Israeli Prime Minister Benjamin Netanyahu has increased the pressure on Justice Minister Yariv Levin to find a compromise for the administration’s planned judicial overhaul, according to unconfirmed reports Tuesday.
In recent days, Netanyahu and Levin have reportedly met three times to discuss the issue.
Netanyahu warned his justice minister that the judicial-reforms legislation could lead to negative consequences for Israel’s economy, diplomacy, security and social cohesion, according to Israel’s Channel 12 news.
While Netanyahu did not go into specific details, he told Levin that the plan for a judicial overhaul must be softened. The prime minister is not allowed to be directly involved in any judicial overhaul due to a conflict-of-interest agreement.
In recent months, Netanyahu has publicly backed Levin’s plans.
Levin said that, while he was open to changes in his plan for judicial reform, he would not stop the legislative process or agree to compromises on the core of the legislation, according to Channel 12 news. He sees the core of the issues as being the changes to the Knesset's Judicial Selection Committee, which would give the government-coalition majority control over appointments to Israel’s Supreme Court.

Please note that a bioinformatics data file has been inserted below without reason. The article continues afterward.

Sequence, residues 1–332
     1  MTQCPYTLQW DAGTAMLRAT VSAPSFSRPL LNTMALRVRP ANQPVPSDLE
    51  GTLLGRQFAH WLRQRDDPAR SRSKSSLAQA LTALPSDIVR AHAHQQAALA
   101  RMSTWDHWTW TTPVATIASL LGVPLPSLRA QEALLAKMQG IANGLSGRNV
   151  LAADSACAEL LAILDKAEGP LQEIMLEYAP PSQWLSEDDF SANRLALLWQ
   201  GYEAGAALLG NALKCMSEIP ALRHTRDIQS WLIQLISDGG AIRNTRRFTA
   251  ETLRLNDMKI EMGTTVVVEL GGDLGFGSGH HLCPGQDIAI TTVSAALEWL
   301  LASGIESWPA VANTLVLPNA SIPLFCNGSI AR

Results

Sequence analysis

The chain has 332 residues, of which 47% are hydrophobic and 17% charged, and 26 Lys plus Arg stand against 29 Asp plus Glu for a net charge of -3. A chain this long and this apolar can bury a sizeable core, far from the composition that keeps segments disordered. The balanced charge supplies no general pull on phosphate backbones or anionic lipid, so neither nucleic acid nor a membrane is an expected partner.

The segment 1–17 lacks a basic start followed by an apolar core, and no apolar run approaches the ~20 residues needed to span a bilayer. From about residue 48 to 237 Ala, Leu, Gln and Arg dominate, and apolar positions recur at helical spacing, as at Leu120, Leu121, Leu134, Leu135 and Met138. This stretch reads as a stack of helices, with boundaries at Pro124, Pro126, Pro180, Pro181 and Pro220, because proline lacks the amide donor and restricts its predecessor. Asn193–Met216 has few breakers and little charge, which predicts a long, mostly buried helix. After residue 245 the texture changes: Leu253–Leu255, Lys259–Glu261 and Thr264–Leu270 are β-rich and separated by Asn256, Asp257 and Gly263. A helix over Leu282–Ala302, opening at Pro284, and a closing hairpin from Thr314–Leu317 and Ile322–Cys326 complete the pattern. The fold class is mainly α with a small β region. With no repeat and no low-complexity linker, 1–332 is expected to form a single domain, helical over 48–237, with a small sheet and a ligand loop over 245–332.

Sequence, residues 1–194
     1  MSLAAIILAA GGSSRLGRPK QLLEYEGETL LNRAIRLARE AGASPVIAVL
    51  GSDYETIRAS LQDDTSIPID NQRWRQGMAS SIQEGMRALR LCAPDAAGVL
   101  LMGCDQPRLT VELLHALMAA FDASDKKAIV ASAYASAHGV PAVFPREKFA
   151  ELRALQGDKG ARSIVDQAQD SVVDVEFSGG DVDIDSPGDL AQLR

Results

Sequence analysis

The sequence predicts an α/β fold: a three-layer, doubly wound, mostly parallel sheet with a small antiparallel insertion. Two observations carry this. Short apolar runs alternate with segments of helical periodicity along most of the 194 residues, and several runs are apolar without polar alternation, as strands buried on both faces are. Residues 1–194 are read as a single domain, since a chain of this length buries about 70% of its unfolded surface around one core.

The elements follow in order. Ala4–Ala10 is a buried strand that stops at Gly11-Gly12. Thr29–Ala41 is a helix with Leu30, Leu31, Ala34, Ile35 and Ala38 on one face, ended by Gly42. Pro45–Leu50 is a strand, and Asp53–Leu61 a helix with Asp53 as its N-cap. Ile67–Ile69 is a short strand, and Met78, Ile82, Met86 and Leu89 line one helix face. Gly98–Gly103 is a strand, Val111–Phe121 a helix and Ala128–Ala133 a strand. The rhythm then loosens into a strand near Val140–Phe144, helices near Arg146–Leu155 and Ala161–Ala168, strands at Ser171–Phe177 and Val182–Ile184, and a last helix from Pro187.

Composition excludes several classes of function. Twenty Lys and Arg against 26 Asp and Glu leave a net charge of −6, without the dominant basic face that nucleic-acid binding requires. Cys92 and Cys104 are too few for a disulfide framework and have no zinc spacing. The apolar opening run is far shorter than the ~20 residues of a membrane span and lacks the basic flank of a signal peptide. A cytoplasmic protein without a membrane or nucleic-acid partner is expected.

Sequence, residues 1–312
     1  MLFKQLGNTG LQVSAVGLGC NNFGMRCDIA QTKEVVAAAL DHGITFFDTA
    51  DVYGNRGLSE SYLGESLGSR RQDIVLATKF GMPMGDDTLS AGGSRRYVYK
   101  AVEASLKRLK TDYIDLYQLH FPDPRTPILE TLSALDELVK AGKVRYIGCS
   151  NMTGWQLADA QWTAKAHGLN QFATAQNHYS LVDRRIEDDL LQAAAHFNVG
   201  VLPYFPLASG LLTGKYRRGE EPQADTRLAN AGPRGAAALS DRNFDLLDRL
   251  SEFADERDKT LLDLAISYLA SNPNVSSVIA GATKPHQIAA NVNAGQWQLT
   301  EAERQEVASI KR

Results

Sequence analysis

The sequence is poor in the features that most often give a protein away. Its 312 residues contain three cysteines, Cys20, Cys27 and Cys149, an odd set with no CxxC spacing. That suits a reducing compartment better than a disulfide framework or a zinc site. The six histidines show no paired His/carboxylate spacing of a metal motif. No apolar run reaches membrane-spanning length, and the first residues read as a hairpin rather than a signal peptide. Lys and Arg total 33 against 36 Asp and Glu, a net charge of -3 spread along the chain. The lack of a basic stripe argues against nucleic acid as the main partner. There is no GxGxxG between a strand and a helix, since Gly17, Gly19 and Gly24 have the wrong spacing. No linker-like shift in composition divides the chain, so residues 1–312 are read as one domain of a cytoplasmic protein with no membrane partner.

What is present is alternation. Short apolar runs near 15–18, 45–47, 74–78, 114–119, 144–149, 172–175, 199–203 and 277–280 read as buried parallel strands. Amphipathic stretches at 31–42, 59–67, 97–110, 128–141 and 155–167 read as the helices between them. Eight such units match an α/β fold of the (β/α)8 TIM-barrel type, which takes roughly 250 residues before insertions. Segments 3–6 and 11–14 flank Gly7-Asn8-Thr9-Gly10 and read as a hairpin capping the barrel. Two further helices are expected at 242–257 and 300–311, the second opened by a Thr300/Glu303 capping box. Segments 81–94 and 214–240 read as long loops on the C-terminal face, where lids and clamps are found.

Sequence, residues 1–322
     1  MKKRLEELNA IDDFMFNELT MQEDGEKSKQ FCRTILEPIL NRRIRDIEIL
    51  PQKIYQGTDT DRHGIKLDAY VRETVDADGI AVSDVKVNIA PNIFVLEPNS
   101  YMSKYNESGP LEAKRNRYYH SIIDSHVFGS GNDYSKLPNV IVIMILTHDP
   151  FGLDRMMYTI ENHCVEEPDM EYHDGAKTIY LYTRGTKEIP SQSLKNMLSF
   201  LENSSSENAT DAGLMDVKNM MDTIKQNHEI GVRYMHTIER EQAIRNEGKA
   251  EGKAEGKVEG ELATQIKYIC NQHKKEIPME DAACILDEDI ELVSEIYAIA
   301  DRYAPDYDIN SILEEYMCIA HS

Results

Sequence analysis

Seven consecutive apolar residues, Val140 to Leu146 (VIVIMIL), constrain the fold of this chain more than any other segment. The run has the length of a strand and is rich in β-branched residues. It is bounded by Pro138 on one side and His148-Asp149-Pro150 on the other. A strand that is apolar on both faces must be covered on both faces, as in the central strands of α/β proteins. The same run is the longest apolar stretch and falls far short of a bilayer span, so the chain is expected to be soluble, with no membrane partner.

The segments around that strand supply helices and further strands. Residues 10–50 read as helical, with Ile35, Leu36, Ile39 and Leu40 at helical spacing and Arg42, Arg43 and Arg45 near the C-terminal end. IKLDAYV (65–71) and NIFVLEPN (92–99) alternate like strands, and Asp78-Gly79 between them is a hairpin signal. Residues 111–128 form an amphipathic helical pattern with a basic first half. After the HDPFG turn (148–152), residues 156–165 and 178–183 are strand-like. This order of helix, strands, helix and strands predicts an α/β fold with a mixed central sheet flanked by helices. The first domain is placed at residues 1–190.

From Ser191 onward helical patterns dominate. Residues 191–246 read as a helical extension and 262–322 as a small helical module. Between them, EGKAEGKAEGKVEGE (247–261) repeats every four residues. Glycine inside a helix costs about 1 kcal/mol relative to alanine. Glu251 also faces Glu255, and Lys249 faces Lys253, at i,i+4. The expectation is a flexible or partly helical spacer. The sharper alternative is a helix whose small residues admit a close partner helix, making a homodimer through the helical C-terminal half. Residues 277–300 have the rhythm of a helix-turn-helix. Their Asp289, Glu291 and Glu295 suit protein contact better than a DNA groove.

In recent days, Levin has reportedly shown interest in a new compromise proposal – the Friedmann proposal – calling it, “a breakthrough.”
The Friedmann proposal, which was submitted to Israeli President Isaac Herzog, is the result of joint cooperation between former Israeli Justice Minister Daniel Friedmann; jurist Professor Yuval Elbashan; Giora Yaron, a leading high-tech industry expert; and Giora Eiland, a retired general and former national security advisor to the government.
Herzog has emerged as a unifying voice in Israel’s increasingly polarized society and a leading advocate for a compromise that will unite the country, which is torn over the issue of judicial reform and the Israel's democratic nature.
The All Israel News Staff is a team of journalists in Israel.